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Anniversary of Warsaw Ghetto Uprising

Last Friday, April 19th, marked the first day of the month long 1943 Warsaw Ghetto Uprising, an armed uprising against Nazi attempts to transport all the Jews in the ghetto to death and labor camps.

By the summer of 1942, the Germans had contained the Jews from Warsaw, Poland and the surrounding areas into the Warsaw Ghetto, until 500,000 people were penned up in a space of 840 acres.  This area was initially surrounded by barbed wire but eventually a 10 foot high brick wall surrounded the ghetto.  Beginning in July 1942, the Nazis transferred an average of 5,000 Jews a day to Treblinka until by September 1942, only 55,000 Jews remained in the Warsaw Ghetto.  During this time, a resistance group began to form, the Jewish Fighting Organization, and in January 1943, when the Nazis resumed the deportation of Jews, they met with unexpected resistance.  Deportations were suspended until April 19, 1943, the eve of Passover, when Heinrich Himmler ordered the launch of a special operation to clear the ghetto.  Before dawn, 2,000 German troops surrounded the ghetto.  Expecting an easy victory, it took 28 days to either kill or transport the remaining 40,000 Jews though they had only a small armament with pistols and homemade bombs and one machine gun.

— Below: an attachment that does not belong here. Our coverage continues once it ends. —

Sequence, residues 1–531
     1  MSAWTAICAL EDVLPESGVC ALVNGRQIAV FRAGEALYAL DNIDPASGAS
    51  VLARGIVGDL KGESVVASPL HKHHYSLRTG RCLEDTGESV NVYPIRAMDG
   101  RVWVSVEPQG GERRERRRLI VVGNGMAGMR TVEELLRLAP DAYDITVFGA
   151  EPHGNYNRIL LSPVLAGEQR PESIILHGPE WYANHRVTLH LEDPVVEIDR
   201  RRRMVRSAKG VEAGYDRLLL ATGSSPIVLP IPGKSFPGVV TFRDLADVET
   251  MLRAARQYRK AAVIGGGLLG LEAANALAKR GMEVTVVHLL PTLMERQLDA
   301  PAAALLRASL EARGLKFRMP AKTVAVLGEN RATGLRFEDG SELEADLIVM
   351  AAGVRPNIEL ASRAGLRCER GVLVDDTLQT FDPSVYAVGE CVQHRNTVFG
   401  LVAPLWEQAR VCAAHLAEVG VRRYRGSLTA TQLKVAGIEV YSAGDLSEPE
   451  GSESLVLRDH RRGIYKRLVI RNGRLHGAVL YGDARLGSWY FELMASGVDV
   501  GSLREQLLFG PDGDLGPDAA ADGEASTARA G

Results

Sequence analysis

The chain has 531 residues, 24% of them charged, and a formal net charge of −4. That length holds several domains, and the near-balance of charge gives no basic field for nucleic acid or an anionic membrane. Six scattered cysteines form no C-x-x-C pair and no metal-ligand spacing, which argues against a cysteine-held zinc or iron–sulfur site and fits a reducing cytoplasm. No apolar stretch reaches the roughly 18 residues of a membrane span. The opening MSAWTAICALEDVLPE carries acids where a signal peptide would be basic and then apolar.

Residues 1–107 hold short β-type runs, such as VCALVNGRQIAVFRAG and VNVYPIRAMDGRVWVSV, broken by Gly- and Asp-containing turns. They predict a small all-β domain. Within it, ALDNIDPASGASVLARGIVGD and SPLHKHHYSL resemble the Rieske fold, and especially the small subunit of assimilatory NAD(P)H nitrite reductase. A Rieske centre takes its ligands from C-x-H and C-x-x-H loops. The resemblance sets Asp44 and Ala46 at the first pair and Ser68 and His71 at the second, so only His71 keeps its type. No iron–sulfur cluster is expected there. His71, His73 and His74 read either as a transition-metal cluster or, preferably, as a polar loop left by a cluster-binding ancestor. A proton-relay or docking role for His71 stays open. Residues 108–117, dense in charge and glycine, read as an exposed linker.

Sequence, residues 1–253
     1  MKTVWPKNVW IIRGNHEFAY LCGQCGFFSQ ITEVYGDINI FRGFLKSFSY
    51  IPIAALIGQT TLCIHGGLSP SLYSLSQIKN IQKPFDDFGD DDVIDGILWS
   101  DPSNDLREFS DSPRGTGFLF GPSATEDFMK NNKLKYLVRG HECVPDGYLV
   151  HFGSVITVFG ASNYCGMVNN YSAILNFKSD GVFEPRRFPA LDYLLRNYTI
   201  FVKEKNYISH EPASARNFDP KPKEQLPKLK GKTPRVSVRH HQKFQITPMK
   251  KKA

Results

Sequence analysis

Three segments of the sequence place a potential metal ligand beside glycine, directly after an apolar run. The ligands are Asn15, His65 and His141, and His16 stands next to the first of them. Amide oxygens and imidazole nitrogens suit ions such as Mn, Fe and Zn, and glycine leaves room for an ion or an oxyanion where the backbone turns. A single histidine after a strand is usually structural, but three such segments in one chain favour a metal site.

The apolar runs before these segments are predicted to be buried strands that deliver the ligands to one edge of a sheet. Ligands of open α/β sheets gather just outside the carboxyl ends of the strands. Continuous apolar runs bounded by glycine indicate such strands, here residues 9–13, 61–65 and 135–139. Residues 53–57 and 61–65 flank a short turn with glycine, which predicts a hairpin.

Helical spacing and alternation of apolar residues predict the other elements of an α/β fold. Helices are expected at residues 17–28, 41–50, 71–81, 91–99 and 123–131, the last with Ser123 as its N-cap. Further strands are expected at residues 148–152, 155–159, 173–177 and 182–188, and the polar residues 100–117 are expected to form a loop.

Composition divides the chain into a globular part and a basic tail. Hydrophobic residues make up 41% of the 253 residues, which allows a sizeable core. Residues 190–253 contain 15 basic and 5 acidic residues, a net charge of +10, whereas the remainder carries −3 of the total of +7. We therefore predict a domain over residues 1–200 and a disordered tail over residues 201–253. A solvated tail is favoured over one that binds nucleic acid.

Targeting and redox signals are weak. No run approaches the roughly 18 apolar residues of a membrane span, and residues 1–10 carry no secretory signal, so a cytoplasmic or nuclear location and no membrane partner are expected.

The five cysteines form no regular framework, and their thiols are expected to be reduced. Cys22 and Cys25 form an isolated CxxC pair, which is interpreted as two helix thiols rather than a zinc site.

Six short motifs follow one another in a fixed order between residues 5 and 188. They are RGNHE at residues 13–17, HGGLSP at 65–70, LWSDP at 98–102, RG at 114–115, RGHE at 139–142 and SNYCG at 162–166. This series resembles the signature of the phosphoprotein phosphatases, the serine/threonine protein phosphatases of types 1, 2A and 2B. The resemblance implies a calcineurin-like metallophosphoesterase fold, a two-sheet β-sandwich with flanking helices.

Evidence of the horrors of this event, and other Nazi atrocities, can be found in the testimony and documents which comprise the Nuremberg Trials.  The Nuremberg Trials are comprised of 65 volumes of material broken out into the Blue Series, the Red Series and the Green Series in addition to the indictments, one volume with a report to the Secretary of the Army, and the report of Justice Robert H. Jackson on the conference at which the procedures for Nuremberg were negotiated and established.  These volumes contain just a portion of the documents available to the prosecutors at these trials, but nonetheless the extent of the volumes themselves is formidable.

The Warsaw Ghetto Uprising is first mentioned in the second volume of the Blue Series on page 126 of this volume (page 131 of the PDF).  The prosecutor, Mr. Justice Jackson, is detailing “Crimes Committed Against the Jews.“  Jackson has this to say about the Uprising:

I shall not dwell on this subject longer than to quote one more sickening document which evidences the planned and systematic character of the Jewish persecutions. I hold a report written with Teutonic devotion to detail, illustrated with photographs to authenticate its almost incredible text, and beautifully bound in leather with the loving care bestowed on a proud work. It is the original report of the SS Brigadier General Stroop in charge of the destruction of the Warsaw Ghetto, and its title page carries the inscription, “The Jewish ghetto in Warsaw no longer exists.” …

We charge that all atrocities against Jews were the manifestation and culmination of the Nazi plan to which every defendant here was a party.

The final verdicts in the Nuremberg Trials were handed down on October 12, 1946 and 12 of the defendants were sentenced to death.

Nuremberg Trials, 1945-1946. [between 1945 and 1946]. Library of Congress Prints and Photographs Division. //hdl.loc.gov/loc.pnp/cph.3b33390

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